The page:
Saturday, 28 July 2007

Stone-curlews doing well at Weeting

As I scan across Weeting Heath with my telescope I make a mental note of each creature that comes into view; ‘rabbit, rabbit, rabbit, lapwing, rabbit, rabbit’ goes the count. There are so many rabbits and then, just occasionally, something else, something more interesting comes into focus. Of course, if it weren’t for the rabbits then the stone curlews wouldn’t do so well here. The rabbits keep the turf cropped short, ideal for the stone curlews and for some of the heath’s other inhabitants. Finally, after scanning over countless rabbits, my gaze settles on the pale, more erect shape of a stone curlew.

It is the stone curlews that I have come to see this evening. It is mid-way through their breeding season and there are tiny chicks sheltering alongside their parents, often tucked under a slightly opened wing. They are wonderful to watch, so small but so full of character. I have always thought stone curlews to be thoughtful birds, considered in their movements and ever alert to danger in this exposed landscape. When accompanied by chicks they redouble their watchfulness but, at the same time, they sometimes slip into the resigned posture that human parents show when their own offspring become boisterous or do something inordinately stupid. Tonight, one particular chick seems intent on irritating its parent by wandering away to peck at seemingly inanimate and inedible objects. The parent remains quietly watchful and then suddenly rises to display at a rabbit that has inadvertently strayed too close. Standing tall on its legs, it opens its wings wide to deliver the most intimidating threat display that it can muster.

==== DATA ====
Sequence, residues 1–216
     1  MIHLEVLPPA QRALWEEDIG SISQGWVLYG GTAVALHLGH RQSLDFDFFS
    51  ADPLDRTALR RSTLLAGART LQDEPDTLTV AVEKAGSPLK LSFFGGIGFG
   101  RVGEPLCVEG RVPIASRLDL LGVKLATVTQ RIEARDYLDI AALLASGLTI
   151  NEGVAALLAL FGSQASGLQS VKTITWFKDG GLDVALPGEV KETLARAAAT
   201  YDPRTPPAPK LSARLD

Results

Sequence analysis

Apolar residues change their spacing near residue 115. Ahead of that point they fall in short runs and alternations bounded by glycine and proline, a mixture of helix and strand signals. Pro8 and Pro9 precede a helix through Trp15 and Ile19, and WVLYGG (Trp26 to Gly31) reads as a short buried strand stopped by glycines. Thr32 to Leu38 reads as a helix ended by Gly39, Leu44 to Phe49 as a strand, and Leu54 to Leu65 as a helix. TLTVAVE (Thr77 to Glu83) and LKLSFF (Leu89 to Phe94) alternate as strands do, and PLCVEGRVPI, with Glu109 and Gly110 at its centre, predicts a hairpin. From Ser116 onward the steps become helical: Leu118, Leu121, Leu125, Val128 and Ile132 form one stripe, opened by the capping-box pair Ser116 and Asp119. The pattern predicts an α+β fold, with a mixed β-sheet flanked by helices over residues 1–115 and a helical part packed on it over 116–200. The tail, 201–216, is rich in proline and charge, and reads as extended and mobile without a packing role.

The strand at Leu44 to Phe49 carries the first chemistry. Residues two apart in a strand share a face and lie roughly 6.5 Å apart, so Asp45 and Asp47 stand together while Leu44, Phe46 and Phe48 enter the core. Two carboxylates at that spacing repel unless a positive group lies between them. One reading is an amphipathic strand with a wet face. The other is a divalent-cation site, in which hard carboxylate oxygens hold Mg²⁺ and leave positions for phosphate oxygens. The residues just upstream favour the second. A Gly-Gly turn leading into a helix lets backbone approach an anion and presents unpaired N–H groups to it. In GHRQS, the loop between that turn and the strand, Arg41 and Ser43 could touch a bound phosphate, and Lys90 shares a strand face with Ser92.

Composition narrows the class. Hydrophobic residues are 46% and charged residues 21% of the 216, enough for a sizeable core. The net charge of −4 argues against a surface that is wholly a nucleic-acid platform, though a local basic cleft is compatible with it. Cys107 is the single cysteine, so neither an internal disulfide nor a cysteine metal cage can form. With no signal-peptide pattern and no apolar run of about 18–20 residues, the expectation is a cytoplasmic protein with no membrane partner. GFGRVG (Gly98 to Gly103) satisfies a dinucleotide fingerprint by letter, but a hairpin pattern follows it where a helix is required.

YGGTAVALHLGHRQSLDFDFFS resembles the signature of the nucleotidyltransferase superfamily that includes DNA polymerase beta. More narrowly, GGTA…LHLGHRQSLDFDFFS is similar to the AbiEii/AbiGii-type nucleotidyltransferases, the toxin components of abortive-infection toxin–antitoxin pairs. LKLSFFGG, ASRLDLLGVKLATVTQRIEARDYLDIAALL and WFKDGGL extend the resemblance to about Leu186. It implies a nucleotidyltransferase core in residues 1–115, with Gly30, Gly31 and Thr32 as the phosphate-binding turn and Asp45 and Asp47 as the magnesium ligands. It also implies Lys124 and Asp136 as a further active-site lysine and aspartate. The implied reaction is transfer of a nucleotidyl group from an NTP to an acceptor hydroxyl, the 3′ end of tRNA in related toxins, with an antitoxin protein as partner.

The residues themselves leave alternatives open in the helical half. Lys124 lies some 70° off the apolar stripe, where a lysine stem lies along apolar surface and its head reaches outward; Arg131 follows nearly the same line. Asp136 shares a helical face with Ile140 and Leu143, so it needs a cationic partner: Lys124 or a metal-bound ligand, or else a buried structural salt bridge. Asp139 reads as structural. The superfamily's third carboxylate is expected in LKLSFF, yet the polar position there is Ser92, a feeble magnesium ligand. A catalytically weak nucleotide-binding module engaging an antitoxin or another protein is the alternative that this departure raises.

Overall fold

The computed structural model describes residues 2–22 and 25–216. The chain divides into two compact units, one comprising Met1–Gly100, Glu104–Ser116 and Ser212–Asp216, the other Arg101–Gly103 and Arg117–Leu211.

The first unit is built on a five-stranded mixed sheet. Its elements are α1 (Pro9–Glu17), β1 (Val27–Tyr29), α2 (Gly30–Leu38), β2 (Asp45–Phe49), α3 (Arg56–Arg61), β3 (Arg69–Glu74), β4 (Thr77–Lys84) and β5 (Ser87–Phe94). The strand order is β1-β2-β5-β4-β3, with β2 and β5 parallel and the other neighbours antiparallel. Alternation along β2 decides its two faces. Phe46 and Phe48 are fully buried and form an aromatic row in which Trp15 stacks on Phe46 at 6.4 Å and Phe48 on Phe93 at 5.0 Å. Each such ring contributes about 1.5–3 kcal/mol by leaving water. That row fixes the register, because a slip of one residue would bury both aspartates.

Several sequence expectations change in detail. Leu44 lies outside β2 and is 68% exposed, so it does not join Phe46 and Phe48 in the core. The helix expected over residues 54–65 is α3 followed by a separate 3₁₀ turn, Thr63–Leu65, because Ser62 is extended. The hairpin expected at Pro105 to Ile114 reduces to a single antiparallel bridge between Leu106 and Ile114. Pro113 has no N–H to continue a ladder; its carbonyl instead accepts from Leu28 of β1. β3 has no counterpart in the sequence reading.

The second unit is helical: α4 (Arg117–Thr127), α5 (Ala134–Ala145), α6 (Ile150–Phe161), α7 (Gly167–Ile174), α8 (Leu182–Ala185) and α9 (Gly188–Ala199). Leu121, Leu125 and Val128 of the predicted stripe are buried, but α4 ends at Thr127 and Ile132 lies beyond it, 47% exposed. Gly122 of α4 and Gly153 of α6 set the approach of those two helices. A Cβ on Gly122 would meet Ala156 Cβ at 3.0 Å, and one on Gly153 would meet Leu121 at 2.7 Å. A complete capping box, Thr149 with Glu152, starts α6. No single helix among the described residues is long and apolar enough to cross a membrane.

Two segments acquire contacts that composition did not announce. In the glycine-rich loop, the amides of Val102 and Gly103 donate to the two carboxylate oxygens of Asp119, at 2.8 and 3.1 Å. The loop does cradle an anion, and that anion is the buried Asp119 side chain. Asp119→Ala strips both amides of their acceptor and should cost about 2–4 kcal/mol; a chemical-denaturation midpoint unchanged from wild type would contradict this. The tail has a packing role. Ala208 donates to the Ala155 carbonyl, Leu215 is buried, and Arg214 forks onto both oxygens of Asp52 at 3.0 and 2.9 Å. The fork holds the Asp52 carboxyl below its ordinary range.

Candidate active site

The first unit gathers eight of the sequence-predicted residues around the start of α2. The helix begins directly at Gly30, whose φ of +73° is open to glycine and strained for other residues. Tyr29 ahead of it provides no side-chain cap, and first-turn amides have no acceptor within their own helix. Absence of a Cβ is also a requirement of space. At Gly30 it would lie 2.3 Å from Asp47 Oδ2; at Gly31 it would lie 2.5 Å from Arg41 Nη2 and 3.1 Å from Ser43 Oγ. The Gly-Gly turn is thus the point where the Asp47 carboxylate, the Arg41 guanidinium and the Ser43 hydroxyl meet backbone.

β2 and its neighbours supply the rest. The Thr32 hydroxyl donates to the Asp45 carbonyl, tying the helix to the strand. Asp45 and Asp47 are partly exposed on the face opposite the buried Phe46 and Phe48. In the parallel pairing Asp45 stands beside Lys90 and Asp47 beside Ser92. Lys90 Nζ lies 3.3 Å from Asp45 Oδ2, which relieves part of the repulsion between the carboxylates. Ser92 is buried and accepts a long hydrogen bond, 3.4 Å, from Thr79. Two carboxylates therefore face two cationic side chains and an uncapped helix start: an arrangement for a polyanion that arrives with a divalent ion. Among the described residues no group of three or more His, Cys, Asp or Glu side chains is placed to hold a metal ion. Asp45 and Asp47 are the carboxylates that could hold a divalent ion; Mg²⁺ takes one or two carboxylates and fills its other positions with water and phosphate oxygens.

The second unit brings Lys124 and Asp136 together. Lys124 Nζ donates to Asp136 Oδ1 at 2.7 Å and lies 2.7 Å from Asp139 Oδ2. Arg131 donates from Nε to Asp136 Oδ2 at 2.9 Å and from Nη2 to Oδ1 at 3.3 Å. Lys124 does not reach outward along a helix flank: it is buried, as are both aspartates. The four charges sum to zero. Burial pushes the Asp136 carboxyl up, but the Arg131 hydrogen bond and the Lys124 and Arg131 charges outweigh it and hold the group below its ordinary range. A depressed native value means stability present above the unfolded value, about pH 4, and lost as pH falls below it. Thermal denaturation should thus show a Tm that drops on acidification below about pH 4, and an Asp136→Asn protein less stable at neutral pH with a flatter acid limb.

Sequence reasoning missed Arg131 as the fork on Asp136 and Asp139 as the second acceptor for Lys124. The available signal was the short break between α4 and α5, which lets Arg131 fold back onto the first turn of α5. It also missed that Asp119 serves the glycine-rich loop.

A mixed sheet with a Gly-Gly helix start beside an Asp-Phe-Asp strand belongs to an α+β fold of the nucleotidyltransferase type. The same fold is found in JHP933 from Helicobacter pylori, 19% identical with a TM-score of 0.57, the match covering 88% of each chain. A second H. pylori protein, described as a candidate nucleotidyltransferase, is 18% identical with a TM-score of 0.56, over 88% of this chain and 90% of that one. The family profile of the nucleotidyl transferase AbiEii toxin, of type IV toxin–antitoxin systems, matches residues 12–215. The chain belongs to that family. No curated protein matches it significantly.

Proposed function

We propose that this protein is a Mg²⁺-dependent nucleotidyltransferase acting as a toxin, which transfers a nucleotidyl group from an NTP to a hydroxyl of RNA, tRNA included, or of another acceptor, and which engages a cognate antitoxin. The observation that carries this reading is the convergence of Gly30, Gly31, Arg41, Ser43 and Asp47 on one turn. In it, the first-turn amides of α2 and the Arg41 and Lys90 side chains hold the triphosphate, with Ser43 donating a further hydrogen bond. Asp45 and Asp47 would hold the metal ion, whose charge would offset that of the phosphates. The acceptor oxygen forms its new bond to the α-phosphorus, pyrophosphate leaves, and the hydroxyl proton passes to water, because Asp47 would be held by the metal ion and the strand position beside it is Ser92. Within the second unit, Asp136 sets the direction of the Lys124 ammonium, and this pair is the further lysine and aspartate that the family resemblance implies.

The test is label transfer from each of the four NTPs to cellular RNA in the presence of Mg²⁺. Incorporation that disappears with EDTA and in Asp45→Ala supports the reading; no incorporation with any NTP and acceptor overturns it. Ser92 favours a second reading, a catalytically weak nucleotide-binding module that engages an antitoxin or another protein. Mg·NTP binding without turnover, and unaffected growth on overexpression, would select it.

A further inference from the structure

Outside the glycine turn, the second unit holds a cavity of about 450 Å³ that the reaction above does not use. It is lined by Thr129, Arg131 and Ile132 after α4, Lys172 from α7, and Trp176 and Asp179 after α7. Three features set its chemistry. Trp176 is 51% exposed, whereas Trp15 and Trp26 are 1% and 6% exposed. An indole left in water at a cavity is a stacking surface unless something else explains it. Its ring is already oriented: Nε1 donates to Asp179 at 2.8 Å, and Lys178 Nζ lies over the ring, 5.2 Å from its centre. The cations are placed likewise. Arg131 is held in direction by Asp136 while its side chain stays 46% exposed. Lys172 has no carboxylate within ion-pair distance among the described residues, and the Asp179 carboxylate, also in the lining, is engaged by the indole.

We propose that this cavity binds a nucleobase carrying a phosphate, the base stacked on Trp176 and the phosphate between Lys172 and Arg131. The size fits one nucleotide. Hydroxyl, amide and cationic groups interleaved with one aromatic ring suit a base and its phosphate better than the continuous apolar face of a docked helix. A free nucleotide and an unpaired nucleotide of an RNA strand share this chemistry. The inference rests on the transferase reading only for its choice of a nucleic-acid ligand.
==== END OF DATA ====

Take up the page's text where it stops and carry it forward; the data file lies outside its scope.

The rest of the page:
The nearby lapwings are also harassing the local rabbits, diving at them with screeching calls if they venture near the lapwing’s well-hidden chicks. Both these birds have reason to be concerned. A group of a dozen or so rooks are sat not far off, their angular hunched forms a potential threat to a young and defenceless chick. There are other threats, and not just to the birds; the alarm squeak of a rabbit brings a swift response, with several dozen pairs of eyes and ears now alert to the buzzard crossing the back of the heath, seemingly not hunting but en route elsewhere. It is a reassuring scene; a piece of Norfolk heath packed with new life (the rabbits have young of their own) and these different creatures going about their business. In many ways it seems quite serene, almost calming, but just below the surface lies the menace of nature red in tooth and claw. It will be several more watchful weeks for the various parents before their offspring set off to make their own way in the world.

No comments:

Post a Comment